The Moscow Times is reporting that Tatiana Samoilova, the actress best known for her performances in The Cranes Are Flying (1957), Letter Never Sent (1959) and Anna Karenina (1967), was celebrating her 80th birthday yesterday when she fell ill and was taken to the hospital. According to Sergei Lazaruk, deputy chairman of the Russian cinematographers union, she died early this morning.
Mikhail Kalatozov’s Cranes is the only Soviet film to ever win the Palme d’or at Cannes, where Samoilova also received an honorary award for “Most Modest and Charming Actress.” Reviewing the film in 2002, Scott Tobias called it “a key post-war effort, both for its cinematic audacity and for its frank, moving depiction of families and lovers torn apart by violence. A movie star that never was, Kalatozov’s captivating tragedienne Tatiana Samoilova matches his intensity and bravado.”
Reviewing Aleksandr Zarkhi’s Anna Karenina in 2006, Gary Giddins wrote, “According to the Internet Movie Database, Anna has been filmed 25 times between 1910 and 2005…, but I doubt if there is a more nuanced portrayal than that of Tatiana Samojlova, often cited as the great Russian actress of her generation.”
Update, 5/8: For the New York Times, Sophia Kishkovsky reports that a recent interview has been published since Samoilova. The actress recalls having been allowed to travel to Cannes but not to work in the West. Still, she got to meet Picasso:
“I remember,” she said, “this amazing person said to me: ‘Today you walk along the boulevard and no one knows you. But tomorrow you will be driving in a car through Hollywood.’ And his prediction almost came true! Already at the festival, Gérard Philipe gave me a watch as a gift and invited me to star in ‘Anna Karenina’ with him. Can you imagine how dazzled I was by the prospect? I thought: ‘Well, it’s begun!’ But my return to the U.S.S.R. brought me back down to earth.”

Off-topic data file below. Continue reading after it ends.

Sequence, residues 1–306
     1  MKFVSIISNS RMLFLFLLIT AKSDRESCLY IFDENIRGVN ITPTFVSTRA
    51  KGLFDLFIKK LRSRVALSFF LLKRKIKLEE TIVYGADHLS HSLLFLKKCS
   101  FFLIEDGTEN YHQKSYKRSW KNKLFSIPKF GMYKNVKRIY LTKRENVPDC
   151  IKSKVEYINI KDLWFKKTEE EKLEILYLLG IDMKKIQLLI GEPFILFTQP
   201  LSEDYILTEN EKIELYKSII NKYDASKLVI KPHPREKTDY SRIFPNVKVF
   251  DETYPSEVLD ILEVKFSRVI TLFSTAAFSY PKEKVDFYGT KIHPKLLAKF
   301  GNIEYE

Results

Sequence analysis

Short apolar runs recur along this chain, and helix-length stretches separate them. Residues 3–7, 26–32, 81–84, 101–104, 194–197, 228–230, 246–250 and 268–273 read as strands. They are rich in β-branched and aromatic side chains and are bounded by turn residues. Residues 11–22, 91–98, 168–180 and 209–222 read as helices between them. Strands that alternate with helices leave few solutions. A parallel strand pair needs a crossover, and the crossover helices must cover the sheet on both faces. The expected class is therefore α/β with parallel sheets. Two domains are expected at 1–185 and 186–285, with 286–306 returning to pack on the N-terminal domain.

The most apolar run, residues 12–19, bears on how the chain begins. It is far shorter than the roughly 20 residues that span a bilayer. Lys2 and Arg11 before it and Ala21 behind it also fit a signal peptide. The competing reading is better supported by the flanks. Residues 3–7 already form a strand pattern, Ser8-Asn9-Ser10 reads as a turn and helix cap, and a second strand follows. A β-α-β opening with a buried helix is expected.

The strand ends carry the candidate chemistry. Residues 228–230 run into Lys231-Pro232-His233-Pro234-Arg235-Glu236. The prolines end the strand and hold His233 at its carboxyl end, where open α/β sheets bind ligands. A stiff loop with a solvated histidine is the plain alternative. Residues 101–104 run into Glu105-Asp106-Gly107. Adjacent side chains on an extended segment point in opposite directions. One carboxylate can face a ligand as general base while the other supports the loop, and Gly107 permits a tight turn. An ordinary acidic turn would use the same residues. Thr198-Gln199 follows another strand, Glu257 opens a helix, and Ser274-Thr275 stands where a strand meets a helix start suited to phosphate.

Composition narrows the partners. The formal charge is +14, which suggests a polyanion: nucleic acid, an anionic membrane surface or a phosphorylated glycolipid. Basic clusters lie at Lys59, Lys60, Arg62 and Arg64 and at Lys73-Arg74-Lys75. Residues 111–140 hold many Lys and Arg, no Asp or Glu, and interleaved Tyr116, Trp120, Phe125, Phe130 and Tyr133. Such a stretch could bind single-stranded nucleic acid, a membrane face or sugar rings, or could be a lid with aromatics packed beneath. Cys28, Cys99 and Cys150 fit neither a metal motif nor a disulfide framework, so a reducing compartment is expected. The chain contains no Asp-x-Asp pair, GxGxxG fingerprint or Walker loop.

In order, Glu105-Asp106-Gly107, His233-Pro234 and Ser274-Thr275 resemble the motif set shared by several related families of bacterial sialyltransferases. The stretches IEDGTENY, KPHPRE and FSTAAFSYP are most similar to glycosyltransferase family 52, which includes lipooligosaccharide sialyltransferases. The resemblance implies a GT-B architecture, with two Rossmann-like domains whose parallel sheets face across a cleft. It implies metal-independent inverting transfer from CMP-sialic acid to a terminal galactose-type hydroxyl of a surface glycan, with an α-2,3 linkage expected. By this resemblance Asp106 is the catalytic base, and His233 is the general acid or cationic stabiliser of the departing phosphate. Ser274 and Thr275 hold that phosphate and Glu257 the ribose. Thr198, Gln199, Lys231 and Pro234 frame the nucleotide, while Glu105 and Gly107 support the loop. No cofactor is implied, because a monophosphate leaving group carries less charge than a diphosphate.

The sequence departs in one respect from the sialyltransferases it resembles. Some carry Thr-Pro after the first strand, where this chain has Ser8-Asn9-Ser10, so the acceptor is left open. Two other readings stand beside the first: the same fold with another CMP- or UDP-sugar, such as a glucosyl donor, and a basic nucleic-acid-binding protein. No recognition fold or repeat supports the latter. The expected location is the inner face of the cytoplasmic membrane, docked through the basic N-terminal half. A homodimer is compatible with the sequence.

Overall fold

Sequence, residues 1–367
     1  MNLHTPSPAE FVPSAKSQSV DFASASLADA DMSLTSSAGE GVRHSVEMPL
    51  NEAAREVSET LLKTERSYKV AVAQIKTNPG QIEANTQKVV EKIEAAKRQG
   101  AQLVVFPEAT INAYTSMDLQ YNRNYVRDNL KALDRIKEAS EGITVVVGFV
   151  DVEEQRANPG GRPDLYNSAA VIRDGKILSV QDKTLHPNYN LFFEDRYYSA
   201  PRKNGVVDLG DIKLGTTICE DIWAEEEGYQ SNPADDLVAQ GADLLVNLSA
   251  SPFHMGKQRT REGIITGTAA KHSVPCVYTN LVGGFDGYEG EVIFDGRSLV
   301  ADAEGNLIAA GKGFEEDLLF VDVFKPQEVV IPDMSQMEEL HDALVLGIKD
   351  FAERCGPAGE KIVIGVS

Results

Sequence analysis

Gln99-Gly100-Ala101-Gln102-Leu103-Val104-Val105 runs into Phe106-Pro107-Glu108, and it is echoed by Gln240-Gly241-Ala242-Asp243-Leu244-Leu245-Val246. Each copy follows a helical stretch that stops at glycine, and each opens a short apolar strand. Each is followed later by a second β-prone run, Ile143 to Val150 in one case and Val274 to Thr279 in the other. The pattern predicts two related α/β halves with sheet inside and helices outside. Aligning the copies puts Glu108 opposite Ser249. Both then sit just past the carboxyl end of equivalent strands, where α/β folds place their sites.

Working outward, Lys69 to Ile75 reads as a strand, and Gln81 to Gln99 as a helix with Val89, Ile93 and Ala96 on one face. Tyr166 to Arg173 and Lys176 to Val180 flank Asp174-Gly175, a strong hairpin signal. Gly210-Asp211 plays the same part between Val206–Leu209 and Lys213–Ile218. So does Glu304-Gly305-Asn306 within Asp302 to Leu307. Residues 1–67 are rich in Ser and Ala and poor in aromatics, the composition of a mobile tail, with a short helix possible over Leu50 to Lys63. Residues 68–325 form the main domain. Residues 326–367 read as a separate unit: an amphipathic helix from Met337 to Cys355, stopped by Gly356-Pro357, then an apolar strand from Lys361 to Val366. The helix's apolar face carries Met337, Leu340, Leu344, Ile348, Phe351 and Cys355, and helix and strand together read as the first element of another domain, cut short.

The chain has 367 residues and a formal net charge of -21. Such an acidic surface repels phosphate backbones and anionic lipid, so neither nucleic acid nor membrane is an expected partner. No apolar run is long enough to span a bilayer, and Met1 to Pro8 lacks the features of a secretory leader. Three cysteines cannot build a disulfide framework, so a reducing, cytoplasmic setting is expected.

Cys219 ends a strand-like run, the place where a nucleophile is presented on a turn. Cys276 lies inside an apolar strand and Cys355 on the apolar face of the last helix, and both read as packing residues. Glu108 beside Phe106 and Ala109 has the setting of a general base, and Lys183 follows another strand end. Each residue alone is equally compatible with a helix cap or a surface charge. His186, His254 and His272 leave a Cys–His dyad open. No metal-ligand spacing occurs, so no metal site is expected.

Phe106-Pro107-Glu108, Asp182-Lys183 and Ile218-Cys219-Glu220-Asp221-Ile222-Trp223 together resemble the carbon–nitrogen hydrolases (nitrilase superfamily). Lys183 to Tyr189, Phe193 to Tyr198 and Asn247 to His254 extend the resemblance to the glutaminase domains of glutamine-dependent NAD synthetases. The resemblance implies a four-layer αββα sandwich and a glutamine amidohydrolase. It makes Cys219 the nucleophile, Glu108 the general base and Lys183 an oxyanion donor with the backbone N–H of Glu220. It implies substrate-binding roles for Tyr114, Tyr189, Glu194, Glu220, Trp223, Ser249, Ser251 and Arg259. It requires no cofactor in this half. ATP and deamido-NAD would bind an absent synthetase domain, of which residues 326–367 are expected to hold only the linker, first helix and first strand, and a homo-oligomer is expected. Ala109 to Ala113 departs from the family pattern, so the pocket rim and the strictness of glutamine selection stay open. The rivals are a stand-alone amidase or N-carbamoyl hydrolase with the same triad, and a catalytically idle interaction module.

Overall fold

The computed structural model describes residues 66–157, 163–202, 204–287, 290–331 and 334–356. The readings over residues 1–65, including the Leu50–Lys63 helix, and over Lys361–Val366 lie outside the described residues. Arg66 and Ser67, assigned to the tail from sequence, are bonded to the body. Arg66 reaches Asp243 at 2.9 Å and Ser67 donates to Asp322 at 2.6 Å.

At Samoilova’s funeral on Wednesday, reports Kishkovsky, “fellow actors, directors and other artists spoke of her artistic gift. But several also spoke of the difficult lives of elderly actors in Russia, including Ms. Samoilova, whose financial status did not reflect the money they had earned for the Soviet state.”
Update, 5/12: In the Guardian, Ronald Bergan looks back initial reactions to Cranes: “Unlike the stereotypical western vision of Soviet womanhood—hefty, heroic, smiling tractor-drivers among the corn—derived from years of socialist realist films, Samoilova came as a revelation. Here was a seductive, sensitive and serious young woman with whom international audiences could sympathize. At the time, Samoilova was given a watch by East German fans during a festival with the inscription: ‘Finally we see on the Soviet screen a face, not a mask.'” And as for Anna Karenina: “This 10th screen version of the Tolstoy novel, in lush Sovcolor, can lay claim to being the best. Its director Alexandr Zarkhi, using the 70mm screen effectively, comes closer to Tolstoy’s romance than previous versions, with Samoilova’s brilliantly nuanced Anna matching such screen luminaries as Greta Garbo and Vivien Leigh.”